Welcome. Revitalizing the Humanities: The Global Humanities Institute at Montgomery College Global Humanities Institute Curriculum Coordinators: Marcia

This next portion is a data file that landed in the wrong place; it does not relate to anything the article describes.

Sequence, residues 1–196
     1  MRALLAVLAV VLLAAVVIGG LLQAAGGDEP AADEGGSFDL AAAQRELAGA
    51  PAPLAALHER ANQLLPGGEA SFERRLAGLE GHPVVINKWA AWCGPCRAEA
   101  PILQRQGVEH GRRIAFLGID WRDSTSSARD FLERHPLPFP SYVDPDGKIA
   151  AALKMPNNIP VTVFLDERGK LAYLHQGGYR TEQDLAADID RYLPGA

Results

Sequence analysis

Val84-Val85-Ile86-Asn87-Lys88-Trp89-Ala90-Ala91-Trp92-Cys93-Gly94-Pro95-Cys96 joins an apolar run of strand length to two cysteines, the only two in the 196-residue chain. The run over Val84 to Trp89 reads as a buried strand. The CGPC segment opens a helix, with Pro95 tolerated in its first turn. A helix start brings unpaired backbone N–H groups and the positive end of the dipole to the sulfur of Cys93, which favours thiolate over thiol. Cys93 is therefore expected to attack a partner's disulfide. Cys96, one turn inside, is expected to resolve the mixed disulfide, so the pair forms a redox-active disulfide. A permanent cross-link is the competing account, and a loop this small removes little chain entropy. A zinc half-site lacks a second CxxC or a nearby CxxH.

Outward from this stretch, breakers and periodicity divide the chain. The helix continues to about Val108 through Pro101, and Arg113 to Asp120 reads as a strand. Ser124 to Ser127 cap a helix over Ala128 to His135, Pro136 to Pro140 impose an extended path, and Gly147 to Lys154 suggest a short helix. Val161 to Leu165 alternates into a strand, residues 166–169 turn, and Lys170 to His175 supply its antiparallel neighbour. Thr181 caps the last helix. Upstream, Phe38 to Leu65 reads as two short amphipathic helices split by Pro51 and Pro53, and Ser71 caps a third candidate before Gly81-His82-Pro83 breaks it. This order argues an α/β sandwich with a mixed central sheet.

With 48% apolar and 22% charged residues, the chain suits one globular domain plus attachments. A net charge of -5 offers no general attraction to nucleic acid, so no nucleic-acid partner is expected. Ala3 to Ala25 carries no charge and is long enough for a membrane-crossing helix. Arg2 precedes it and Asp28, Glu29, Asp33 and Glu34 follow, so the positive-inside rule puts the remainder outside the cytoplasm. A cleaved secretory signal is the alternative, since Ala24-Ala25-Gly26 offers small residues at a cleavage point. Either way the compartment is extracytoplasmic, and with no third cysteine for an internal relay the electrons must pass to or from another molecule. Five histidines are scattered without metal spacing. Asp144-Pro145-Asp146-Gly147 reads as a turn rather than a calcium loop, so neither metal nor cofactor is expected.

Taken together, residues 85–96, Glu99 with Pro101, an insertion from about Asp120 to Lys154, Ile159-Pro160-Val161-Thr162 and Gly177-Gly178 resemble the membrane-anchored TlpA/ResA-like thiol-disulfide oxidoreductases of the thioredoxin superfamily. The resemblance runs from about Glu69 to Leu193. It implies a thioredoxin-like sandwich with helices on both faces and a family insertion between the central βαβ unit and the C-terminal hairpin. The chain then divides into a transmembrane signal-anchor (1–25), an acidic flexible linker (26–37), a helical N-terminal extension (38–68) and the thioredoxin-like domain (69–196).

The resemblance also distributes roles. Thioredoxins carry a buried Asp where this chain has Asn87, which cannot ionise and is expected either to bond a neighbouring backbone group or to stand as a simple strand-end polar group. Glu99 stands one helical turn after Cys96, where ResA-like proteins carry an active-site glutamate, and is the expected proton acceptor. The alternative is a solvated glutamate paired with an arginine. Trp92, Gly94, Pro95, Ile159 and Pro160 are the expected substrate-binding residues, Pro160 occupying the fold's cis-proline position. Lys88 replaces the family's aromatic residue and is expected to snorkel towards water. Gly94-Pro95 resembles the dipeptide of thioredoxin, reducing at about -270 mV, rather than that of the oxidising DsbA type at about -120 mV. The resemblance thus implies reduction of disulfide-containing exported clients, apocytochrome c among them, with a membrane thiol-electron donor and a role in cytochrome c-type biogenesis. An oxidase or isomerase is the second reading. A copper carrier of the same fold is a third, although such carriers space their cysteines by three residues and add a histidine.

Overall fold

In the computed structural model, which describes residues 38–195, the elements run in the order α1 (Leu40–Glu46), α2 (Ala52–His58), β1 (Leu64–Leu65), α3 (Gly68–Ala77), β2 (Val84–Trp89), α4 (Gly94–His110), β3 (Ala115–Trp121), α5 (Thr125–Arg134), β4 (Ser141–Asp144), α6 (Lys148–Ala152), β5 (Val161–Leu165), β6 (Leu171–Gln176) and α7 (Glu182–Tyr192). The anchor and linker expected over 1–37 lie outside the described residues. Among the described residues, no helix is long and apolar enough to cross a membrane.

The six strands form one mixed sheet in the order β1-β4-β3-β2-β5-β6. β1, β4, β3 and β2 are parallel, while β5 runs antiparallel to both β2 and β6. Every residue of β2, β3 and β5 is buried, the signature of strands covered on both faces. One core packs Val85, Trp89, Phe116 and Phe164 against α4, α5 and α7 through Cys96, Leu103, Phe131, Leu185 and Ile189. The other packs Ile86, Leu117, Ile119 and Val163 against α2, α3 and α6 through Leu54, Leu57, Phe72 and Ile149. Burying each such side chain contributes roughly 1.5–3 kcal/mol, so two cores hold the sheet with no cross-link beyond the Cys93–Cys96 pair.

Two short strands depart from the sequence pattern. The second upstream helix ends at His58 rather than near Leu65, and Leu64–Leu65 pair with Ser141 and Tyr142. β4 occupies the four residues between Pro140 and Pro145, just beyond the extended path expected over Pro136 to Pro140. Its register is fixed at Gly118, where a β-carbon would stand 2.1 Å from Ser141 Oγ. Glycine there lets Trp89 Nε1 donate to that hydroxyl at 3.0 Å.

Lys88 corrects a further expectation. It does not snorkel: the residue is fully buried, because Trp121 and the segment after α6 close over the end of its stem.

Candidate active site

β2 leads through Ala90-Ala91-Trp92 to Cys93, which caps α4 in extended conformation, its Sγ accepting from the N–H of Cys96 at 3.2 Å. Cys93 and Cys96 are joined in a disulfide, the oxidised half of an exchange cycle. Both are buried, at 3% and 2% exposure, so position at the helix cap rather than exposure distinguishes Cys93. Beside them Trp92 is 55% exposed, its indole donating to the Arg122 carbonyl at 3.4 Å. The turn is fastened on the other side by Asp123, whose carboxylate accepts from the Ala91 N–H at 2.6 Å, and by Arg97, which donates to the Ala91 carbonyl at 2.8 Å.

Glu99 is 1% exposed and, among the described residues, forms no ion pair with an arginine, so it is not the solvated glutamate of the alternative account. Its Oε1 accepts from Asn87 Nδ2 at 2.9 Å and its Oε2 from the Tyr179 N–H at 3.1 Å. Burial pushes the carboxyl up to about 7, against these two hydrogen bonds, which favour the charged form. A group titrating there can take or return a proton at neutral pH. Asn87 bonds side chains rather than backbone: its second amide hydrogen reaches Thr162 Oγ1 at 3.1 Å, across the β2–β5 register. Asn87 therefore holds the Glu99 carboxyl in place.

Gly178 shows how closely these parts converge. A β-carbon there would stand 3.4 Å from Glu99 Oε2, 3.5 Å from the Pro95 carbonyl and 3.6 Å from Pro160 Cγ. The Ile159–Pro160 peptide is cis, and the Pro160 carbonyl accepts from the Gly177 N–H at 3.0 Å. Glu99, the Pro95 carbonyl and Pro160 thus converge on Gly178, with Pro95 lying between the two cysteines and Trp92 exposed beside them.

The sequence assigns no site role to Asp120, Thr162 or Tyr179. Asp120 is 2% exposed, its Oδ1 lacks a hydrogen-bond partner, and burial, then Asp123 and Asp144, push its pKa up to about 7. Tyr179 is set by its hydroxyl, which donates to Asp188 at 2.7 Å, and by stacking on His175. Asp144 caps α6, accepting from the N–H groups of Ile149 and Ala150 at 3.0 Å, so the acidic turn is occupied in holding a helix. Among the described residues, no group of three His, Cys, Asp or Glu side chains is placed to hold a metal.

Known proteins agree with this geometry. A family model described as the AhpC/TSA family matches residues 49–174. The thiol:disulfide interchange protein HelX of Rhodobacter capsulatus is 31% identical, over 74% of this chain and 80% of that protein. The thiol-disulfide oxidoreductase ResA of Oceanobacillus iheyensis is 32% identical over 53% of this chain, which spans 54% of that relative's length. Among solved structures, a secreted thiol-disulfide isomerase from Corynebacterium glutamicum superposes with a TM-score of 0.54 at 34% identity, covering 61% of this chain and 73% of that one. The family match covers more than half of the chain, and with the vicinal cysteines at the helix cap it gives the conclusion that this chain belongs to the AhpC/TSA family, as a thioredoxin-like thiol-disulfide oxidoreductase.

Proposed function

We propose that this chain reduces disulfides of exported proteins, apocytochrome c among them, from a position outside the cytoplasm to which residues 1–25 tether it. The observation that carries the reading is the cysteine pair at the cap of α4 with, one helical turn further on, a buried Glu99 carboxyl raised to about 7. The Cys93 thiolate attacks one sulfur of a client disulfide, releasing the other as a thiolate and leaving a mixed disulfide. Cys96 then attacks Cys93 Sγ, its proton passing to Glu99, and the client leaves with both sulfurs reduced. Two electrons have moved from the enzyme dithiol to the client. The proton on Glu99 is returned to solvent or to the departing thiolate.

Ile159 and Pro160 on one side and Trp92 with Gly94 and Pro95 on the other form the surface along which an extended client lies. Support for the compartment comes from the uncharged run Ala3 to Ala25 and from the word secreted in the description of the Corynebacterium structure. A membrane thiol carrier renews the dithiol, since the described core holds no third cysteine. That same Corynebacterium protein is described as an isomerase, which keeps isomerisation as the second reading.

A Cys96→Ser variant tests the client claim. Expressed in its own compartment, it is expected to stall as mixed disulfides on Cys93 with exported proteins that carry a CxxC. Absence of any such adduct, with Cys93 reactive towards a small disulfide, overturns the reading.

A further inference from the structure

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Welcome Slide 2 Revitalizing the Humanities: The Global Humanities Institute at Montgomery College Global Humanities Institute Curriculum Coordinators: Marcia Bronstein marcia.bronstein@montgomerycollege.edu, marcia.bronstein@montgomerycollege.edu Shelley Jones shelley.jones@montgomerycollege.edu, shelley.jones@montgomerycollege.edu Sharyn Neuwirth sharyn.neuwirth@montgomerycollege.edu, sharyn.neuwirth@montgomerycollege.edu GLOBAL LEARNING IN COLLEGE: Asking Big Questions, Engaging Urgent Challenges Association of American Colleges and Universities Network for Academic Renewal October 4, 2013 Providence, Rhode Island MONTGOMERY COLLEGE GLOBAL HUMANITIES INSTITUTE Dr. Rita Kranidis, Program Director 7600 Takoma Ave., Takoma Park, MD 20912 global.humanities@montgomerycollege.edu Slide 3 The Humanities LanguagesLinguisticsLiterature Art History and Theory HistoryPhilosophyEthicsComparative Religion ArcheologyJurisprudence Aspects of the social sciences which have humanistic content and employ humanistic methods, Diverse heritages, traditions, and histories and the current conditions of our national life, studied through a humanities lens. Slide 4 Why Globalize the Humanities? Film mp4 played here. Slide 5 Initiatives of the Global Humanities Institute Curricular Transformation Scholarly Humanities Exchange Technology To Realize Goals Global Humanities Colloquia, Presentations Faculty Development To Internationalize Humanities Curricula Faculty Summer Research Stipends New Courses Slide 6 A Strong Team In External Advisory Affiliated Faculty Internal Advisory Workgroup Collegewide 38 Community and International Support Slide 7 Global competencies for engaged, applied humanities Source: Svetlana Nikitina, Applied Humanities, Liberal Education, Winter 2009. Students will: Gain a deep, comparative knowledge of the worlds peoples and problems, Understand how history has created the dynamics and tensions of the world, Move across boundaries and unfamiliar territory and see the world from multiple perspectives, Do practical work that affects communities that are not well served by their societies, Function effectively and ethically in a complex, rapidly changing world that is increasingly interdependent yet full of conflicts and disparities. Source: Association of American Colleges and Universities (AAC&U) Global Competencies Slide 8 Global Humanities Institute Faculty Development Program Triple-faceted faculty development to create applied internationalized humanities curricula I. Internationalize individual humanities courses II. Create internationalized interdisciplinary humanities learning communities III. Infuse service learning into internationalized humanities curricula Slide 9 Faculty Fellowship I: Internationalize individual humanities courses Adding global content about other countries or cultures isnt enough to make a course internationalized. An applied global humanities curriculum explicitly develops global competencies. Slide 10 Workshop for Inter- nationalizing Humanities Courses Final Product Infuse global content throughout each unit of a humanities course. or Create a stand-alone global module that examines a topic from the perspective of different cultures or countries Slide 11 Workshop Topics Backward course design Global competencies Internationalizing Student Learning Outcomes Aspects of culture and student diversity Resources and materials Active learning strategies Service learning Student assessment Slide 12 Backward Course Design State desired internationalized student learning outcomes Plan learning experiences and instruction Determine evidence of outcomes Slide 13 Internationalizing Student Learning Outcomes Student Learning Outcome (SLO) Global Competence Critically evaluate different ethical perspectives, including altruism, pragmatism, universalism, and self- interest INTRODUCTION TO ETHICS Slide 14 Internationalizing Student Learning Outcomes Student Learning Outcome (SLO) Global CompetenceInternationalized SLO (ISLO) Critically evaluate different ethical perspectives, including altruism, pragmatism, universalism, and self- interest Have a deep, comparative knowledge of the worlds peoples and problems INTRODUCTION TO ETHICS Slide 15 Internationalizing Student Learning Outcomes Student Learning Outcome (SLO) Global CompetenceInternationalized SLO (ISLO) Critically evaluate different ethical perspectives, including altruism, pragmatism, universalism, and self- interest Have a deep, comparative knowledge of the worlds peoples and problems Critically evaluate moral points of view and apply each to the issue of world hunger. Identify specific local conditions (economic, political, cultural) that must be considered in an ethical analysis of world hunger. INTRODUCTION TO ETHICS Slide 16 Workshop Topics Backward course design Global competencies Internationalizing Student Learning Outcomes Aspects of culture and student diversity Resources and materials Active learning strategies Service learning Student assessment Slide 17 Internationalized SLO (ISLO) Active learning strategies and materials Critically evaluate moral points of view and apply each to the issue of world hunger. Identify specific local conditions (economic, political, cultural) that must be considered in an ethical analysis of world hunger. INTRODUCTION TO ETHICS Slide 18 Internationalized SLO (ISLO) Active learning strategies and materials Outcomes Assessment Critically evaluate moral points of view and apply each to the issue of world hunger. Identify specific local conditions (economic, political, cultural) that must be considered in an ethical analysis of world hunger. Analyze maps, graphs or statistics on world hunger Read philosophical essays and arguments for and against aid. Students serve meals at homeless shelter, reflect on their personal response to feeding the poor, and relate their experience to the global issue. INTRODUCTION TO ETHICS Slide 19 Internationalized SLO (ISLO) Active learning strategies and materials Outcomes Assessment Critically evaluate moral points of view and apply each to the issue of world hunger. Identify specific local conditions (economic, political, cultural) that must be considered in an ethical analysis of world hunger. Analyze maps, graphs or statistics on world hunger Read philosophical essays and arguments for and against aid Students serve meals at homeless shelter, reflect on their personal response to feeding the poor, and relate their experience to the global issue Students take a position and participate in a debate: Do wealthier nations have an ethical responsibility to feed the worlds poor? Students are assessed on their ability to support their position with ethical arguments as well as examples from specific countries or regions. INTRODUCTION TO ETHICS Slide 20 Assessment of Workshop Outcomes Peer evaluation: Fellows apply internationalized course design principles to evaluate each others course/module Self-evaluation: Fellows reflect and report on any changes in their cultural awareness and/or pedagogy resulting from this Workshop Student outcomes: After teaching their internationalized course/module, Fellows assess their students mastery of the ISLOs, and revise as needed. Slide 21 Faculty Fellowship II: Create learning communities that explore global themes Slide 22 Problems in the real world seldom present themselves in tidy, disciplinary packages. James R. David, Interdisciplinary Courses and Team Teaching Slide 23 SACRED TIME/SACRED SPACE/ SILVER SCREEN Skagit Valley Community College Definition of Learning Communities Learning Communities cluster courses around an interdisciplinary theme, enrolling a common cohort of students. This intentional restructuring of students time, credit and learning experiences fosters more explicit intellectual connections between students, between students and their faculty, and between disciplines. SOURCE: Shapiro and Levine, (2000), Creating Learning Communities The need for an integrated core. Boyer Report, 1987 Philosophy of Religion Introduction to Film Slide 24 Examples of Global Humanities Learning Communities PAN AFRICAN LEARNING COMMUNITY Sacramento State College GLOBAL WOMEN Montgomery College VISIONS OF FREEDOM Duke University Focus Program Slide 25 Global Humanities Institute Learning Community Faculty Fellowship - Topics Learning community theory and design Internationalization theory and design Scholarly study of global theory Pedagogy that builds civility, community, and civic engagement Slide 26 Final product A global humanities learning community plan, including: Global theme Global interdisciplinary outcomes Merged syllabus Integrative assignment Global or glocal service assignment Team-taught lesson Slide 27 Faculty Development III: Infusing Service Learning Into Internationalized Humanities Curricula Slide 28 Service Learning Global Competencies Students will: Move across boundaries and unfamiliar territory and see the world from multiple perspectives, Engage in practical work with fundamental issues that affect communities that are not well served by their societies, Believe that their actions and ideas will influence the world in which they live, Function effectively and ethically in a complex, rapidly changing world that is increasingly interdependent yet full of conflicts and disparities. Source: Association of American Colleges and Universities (AAC&U) Slide 29 Definition of Service Learning Service-Learning is a credit-bearing educational experience in which students (a) participate in an organized service activity that meets identified community needs, and (b) reflect on the service activity in such a way as to gain further understanding of curricular content, a broader appreciation of the discipline, and an enhanced sense of personal values and civic responsibility. Adapted from R.G. Bringle and J.A. Hatcher, A Service-Learning Curriculum for